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Antitrust officials: Proposed law forces higher real estate costs

Michigan trade group says opposition is based on 'misunderstanding'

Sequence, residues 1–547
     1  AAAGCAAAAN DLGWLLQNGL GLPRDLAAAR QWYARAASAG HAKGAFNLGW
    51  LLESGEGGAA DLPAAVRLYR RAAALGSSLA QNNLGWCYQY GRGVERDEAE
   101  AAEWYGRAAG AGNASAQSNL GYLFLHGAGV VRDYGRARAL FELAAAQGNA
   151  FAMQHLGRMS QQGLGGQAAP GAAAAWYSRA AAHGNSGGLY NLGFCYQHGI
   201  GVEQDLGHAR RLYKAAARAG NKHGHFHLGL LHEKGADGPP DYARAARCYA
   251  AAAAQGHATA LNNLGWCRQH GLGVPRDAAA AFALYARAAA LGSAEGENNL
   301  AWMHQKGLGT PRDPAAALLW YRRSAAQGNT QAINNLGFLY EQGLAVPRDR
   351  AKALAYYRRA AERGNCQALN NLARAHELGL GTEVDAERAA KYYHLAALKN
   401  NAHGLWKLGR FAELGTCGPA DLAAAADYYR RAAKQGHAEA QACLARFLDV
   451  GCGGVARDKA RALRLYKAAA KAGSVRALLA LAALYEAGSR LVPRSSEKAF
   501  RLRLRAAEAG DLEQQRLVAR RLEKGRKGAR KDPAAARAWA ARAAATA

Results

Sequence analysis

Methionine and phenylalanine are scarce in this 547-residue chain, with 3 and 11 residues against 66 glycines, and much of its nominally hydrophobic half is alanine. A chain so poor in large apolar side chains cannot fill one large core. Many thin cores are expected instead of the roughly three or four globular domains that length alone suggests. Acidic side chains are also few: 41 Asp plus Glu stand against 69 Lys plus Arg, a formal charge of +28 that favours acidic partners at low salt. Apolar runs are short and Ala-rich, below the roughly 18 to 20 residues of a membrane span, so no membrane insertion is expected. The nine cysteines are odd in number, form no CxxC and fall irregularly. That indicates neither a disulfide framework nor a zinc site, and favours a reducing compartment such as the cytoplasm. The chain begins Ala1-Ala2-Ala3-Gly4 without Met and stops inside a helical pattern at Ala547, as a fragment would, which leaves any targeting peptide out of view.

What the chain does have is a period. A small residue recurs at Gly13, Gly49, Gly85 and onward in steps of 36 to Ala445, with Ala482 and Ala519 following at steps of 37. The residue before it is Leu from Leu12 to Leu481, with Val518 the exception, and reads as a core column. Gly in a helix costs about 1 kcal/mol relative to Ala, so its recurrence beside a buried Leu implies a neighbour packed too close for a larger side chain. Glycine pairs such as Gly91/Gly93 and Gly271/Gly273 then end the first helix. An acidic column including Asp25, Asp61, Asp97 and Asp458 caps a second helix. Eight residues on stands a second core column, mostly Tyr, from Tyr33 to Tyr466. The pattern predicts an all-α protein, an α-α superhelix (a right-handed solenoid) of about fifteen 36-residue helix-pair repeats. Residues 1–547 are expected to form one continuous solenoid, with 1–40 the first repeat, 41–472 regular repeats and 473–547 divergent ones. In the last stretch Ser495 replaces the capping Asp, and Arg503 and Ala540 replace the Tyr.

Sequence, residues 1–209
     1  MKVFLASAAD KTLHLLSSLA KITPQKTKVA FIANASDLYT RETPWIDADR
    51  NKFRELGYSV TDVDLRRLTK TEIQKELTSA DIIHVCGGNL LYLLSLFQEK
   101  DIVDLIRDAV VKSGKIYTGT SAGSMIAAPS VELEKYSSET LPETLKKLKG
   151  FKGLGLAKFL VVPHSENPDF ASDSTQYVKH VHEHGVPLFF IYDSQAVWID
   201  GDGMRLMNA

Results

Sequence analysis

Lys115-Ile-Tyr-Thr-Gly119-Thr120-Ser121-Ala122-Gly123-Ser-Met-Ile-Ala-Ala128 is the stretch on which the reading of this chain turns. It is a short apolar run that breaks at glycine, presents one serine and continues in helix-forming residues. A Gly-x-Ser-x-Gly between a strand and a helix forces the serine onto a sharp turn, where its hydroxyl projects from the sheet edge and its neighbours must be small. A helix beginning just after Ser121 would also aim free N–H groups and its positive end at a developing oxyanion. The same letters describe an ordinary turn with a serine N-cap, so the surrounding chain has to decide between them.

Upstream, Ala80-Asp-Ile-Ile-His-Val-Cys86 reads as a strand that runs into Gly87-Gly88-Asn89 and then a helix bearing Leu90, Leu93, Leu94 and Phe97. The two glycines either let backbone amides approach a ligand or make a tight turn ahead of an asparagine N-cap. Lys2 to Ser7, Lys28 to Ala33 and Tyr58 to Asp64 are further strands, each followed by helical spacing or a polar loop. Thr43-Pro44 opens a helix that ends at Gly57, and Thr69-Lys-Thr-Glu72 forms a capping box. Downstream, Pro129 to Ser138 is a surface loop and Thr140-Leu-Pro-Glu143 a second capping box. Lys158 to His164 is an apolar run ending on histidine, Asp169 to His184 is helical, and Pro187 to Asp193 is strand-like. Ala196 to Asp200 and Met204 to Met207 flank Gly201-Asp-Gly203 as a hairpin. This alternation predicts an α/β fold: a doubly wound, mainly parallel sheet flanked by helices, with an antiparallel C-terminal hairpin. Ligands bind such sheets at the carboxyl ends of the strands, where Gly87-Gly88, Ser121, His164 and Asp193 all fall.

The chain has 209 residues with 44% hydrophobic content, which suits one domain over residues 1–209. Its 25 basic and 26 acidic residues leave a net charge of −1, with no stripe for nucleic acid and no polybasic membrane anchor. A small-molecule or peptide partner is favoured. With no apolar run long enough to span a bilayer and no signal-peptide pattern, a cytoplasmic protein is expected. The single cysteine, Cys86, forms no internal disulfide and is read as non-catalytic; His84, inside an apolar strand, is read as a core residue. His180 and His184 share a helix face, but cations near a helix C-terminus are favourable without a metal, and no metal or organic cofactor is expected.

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Federal antitrust officials are opposing real estate legislation, proposed in Michigan, that they contend would leave fewer options for real estate services and would likely decrease competition among real estate professionals and cause consumers "to pay thousands of dollars more in commissions to real estate brokers." U.S. Department of Justice and Federal Trade Commission officials, in an Oct. 18 letter to a Michigan state senator and the director of the state Department of Labor and Economic Growth, urge the Legislature to reject the law proposal, which is backed by the Michigan Association of Realtors. The letter is signed by Deborah Platt Majoras, chairman of the Federal Trade Commission, and Thomas O. Barnett, acting assistant attorney general for the Justice Department's Antitrust Division. The proposed legislation, House Bill 4849 and its companion HB 4850, require that real estate brokers who enter into exclusive agreements with consumers to perform a minimum level of servic...